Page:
UMMA to serve as city clerk’s satellite office through Nov. 3


The University of Michigan community will now be able to register to vote and cast early, in-person absentee ballots on campus.

  • Sept. 22-Oct. 23: Weekdays 10 a.m.-7 p.m. (absentee voting begins Sept. 24)
  • Oct. 24-Nov. 1: Weekdays 10 a.m.-7 p.m.; Saturdays 8 a.m.-4 p.m.
  • Nov. 2: 8 a.m.-4 p.m.
  • Nov. 3: 8 a.m.-8 p.m.

Several units at U-M have partnered with the city of Ann Arbor to transform gallery space at the U-M Museum of Art into the state’s first satellite city clerk’s office located on a university campus.

It opens Sept. 22 — National Voter Registration Day — and will remain open until Nov. 3, with absentee ballots available beginning Sept. 24.

The effort was kick-started by Penny W. Stamps School of Art & Design associate professors Stephanie Rowden and Hannah Smotrich as part of their multiyear research effort inspired by historically low student voter turnout.

“The work that we do lies at the intersection of art and design and civic engagement, so we were thrilled that so many people were able to come together during this time to make this happen at UMMA,” said Rowden, who worked on a student voting campaign with Smotrich during the last election.

The Ann Arbor City Clerk's satellite office at the U-M Museum of Art opens Sept. 22, with absentee ballots available on Sept. 24. (Photo by Nick Beardslee, Stamps School of Art & Design.)
The Ann Arbor City Clerk’s satellite office at the U-M Museum of Art opens Sept. 22, with absentee ballots available on Sept. 24. (Photo by Nick Beardslee, Stamps School of Art & Design.)

Just 14 percent of U-M students voted in the 2014 midterm elections, although the number has increased significantly in recent years with the help of campuswide campaigns like Turn Up Turnout, the Big Ten Voting Challenge, and Rowden and Smotrich’s Creative Campus Voting Project.

Forty-four percent of U-M students voted in the 2016 presidential election and 41 percent voted in the 2018 midterms.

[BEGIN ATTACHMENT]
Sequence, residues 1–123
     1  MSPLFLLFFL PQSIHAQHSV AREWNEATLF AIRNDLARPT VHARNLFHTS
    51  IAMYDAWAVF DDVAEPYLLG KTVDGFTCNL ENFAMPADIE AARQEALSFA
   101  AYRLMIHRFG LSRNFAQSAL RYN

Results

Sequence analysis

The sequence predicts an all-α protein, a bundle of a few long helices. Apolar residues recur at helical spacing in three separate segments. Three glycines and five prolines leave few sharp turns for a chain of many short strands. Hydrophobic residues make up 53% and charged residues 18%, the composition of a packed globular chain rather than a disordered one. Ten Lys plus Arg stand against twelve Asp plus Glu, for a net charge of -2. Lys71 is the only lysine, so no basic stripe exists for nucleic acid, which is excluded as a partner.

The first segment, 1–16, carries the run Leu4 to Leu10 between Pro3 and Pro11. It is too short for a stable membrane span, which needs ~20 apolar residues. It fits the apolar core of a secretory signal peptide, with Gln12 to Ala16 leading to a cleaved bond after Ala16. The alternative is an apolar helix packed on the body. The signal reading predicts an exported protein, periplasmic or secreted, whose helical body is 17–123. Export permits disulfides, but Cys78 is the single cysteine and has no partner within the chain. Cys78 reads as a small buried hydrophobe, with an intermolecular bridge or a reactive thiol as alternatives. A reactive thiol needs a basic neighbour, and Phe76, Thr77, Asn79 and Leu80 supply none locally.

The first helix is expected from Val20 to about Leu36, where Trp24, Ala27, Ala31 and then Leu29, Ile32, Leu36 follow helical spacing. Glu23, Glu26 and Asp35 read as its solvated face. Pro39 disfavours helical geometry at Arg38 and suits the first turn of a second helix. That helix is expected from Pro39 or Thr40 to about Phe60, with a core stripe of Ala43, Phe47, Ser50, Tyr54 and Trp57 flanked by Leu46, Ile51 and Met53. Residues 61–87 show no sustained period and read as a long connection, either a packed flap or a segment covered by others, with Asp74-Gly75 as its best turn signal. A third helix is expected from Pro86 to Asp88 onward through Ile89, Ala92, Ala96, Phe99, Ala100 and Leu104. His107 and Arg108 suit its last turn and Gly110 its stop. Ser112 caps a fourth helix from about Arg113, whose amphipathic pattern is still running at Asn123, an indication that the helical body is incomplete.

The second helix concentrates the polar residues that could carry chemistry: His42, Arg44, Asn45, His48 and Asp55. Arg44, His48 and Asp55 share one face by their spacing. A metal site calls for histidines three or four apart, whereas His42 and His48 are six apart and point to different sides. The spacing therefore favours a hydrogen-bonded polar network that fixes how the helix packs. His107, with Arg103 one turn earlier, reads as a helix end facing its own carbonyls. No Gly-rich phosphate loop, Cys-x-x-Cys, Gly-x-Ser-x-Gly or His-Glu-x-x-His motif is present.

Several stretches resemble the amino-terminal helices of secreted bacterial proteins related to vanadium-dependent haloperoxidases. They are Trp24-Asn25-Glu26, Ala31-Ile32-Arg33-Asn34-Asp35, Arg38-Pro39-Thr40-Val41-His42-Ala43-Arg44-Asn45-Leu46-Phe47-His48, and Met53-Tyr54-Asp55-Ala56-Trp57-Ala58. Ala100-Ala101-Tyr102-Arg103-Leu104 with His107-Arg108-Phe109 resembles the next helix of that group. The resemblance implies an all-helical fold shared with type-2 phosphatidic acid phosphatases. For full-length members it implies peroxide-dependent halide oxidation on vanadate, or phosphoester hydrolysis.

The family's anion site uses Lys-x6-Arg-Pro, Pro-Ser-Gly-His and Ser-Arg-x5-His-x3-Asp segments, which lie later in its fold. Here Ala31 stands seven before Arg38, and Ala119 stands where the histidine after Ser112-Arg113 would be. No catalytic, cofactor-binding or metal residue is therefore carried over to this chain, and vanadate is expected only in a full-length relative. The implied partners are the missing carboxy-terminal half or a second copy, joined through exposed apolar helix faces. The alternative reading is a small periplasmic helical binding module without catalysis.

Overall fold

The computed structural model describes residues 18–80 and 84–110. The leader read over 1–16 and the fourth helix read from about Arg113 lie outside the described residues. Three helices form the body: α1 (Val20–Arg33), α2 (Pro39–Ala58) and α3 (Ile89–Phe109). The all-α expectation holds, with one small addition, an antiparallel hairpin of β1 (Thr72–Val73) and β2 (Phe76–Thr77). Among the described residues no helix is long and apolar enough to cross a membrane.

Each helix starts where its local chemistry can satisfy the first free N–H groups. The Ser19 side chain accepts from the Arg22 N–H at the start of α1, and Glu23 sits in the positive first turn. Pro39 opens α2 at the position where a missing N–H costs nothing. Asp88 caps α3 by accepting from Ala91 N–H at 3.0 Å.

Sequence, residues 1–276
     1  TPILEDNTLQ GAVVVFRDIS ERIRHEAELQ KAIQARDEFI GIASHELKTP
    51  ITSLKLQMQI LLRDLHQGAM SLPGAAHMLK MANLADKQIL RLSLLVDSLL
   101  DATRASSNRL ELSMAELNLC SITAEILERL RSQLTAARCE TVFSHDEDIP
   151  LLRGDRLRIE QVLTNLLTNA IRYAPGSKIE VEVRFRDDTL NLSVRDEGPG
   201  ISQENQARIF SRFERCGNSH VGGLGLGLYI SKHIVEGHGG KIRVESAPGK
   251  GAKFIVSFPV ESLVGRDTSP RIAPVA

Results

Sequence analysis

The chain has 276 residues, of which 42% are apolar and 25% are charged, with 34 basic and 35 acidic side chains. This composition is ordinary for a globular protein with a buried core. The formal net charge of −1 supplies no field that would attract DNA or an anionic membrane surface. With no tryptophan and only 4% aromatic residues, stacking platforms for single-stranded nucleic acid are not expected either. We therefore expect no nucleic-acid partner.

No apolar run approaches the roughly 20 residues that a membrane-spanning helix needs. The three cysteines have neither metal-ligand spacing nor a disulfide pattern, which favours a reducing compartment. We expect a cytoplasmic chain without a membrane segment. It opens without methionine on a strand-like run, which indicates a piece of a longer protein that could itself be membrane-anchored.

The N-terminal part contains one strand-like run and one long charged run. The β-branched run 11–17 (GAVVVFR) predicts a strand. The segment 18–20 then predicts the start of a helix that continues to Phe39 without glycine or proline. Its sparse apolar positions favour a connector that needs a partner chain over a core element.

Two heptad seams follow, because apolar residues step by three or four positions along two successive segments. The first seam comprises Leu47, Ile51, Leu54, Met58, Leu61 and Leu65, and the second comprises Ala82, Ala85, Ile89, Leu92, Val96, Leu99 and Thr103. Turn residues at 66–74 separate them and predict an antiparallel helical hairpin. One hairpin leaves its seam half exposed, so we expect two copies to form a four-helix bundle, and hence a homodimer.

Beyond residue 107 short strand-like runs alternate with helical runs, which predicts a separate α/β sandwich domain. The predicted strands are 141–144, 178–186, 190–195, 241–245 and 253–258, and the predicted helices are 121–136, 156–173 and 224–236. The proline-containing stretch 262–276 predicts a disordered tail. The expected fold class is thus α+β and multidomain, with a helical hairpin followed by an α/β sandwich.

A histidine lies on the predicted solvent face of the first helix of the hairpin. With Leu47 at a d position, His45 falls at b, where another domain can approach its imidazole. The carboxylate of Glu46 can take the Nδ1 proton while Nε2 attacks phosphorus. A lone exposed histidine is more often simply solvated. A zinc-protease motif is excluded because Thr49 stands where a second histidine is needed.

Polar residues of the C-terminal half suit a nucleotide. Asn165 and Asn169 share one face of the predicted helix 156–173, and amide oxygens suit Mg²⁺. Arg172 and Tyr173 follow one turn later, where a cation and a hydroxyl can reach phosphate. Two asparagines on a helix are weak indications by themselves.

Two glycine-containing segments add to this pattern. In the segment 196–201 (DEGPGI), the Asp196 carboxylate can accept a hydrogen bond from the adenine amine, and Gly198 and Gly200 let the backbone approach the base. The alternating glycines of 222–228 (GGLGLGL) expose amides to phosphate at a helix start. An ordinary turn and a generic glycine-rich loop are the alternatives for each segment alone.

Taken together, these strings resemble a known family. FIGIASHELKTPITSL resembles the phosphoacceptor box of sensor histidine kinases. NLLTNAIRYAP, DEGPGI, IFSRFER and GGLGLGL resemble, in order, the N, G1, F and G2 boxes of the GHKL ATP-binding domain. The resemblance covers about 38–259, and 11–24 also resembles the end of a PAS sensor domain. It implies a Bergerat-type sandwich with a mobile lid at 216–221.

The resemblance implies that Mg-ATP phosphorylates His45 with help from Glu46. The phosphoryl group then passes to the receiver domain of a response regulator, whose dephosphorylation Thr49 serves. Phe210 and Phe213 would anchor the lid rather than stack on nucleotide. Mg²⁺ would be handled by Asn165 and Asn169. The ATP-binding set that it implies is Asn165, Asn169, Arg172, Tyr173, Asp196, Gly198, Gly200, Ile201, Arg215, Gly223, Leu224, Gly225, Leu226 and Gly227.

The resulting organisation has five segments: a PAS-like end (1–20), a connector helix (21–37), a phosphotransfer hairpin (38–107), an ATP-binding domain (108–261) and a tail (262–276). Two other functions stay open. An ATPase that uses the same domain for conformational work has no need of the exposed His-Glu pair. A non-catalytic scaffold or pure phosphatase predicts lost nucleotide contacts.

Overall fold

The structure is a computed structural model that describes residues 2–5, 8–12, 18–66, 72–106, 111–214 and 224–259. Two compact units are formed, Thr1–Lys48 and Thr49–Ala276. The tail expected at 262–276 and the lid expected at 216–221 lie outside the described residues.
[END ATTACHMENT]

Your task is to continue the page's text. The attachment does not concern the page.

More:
According to Edie Goldenberg, professor of political science in LSA and of public policy at the Gerald R. Ford School of Public Policy, who collaborated in the effort, the passing of Proposal 3 in Michigan’s 2018 election will make the confusing process for students — many of whom are voting for the first time — much easier.

“I think that this is a real game-changer,” said Goldenberg, who founded Turn Up Turnout in 2017.

Proposal 3 added eight new voting policies to the Michigan Constitution, including automatic voter registration, same-day voter registration and no-excuse absentee voting.

“The result will be very important — the office will essentially create a one-stop shop where students can register or update their addresses, pick up an absentee ballot, fill it out and then turn it in,” she said.

Offering a prominent gallery space for the satellite office continues a yearlong focus on civic duty and engagement for UMMA, which has presented a series of related exhibitions and programs over the last 10 months. It also aligns with plans for U-M’s Democracy and Debate theme semester.

“Art museums, and campus art museums especially, are uniquely positioned to drive national dialogue around the issues that matter most in the world today,” said UMMA Director Christina Olsen. “We’ve been working to make good on that potential all year and we are excited to work with these partners to offer our space to the city of Ann Arbor to transform the museum into a true election hub and powerful site for democracy.”

Rowden and Smotrich worked in partnership with Goldenberg, UMMA’s Briannon Cierpilowski and James Leija, the U-M Government Relations Office and the Ann Arbor City Clerk’s Office to secure an office on campus. They also designed the space, which included signage for wayfinding and communications.

“Our goal was to make it very clear, easy and safe for students to vote,” Smotrich said. “We were able to transform a city clerk’s office, which is traditionally a bureaucratic, institutional space, into something that is beautiful and dynamic — we hope that seeing this space will inspire students to vote.”

Ann Arbor City Clerk Jacqueline Beaudry says the office is an extension of a great partnership that Ann Arbor and U-M have had for many years.

“This was a natural fit. As a community, we have been a leader in student voting rights for many years, as there are already several polling stations located in campus buildings,” Beaudry said. “We are excited to be filling this need for our community, and our hope is that we will continue to collaborate during even year November elections in order to create ongoing access for voters at U-M and in Ann Arbor.”

In alignment with campus COVID-19 protocols, the satellite office in UMMA’s first floor Stenn Gallery, 525 S. State St., is exclusively for U-M students, faculty and staff who plan to vote in Ann Arbor. A valid MCard is required for entry. The general public is encouraged to visit the Ann Arbor City Clerk’s Office, 301 E. Huron St.


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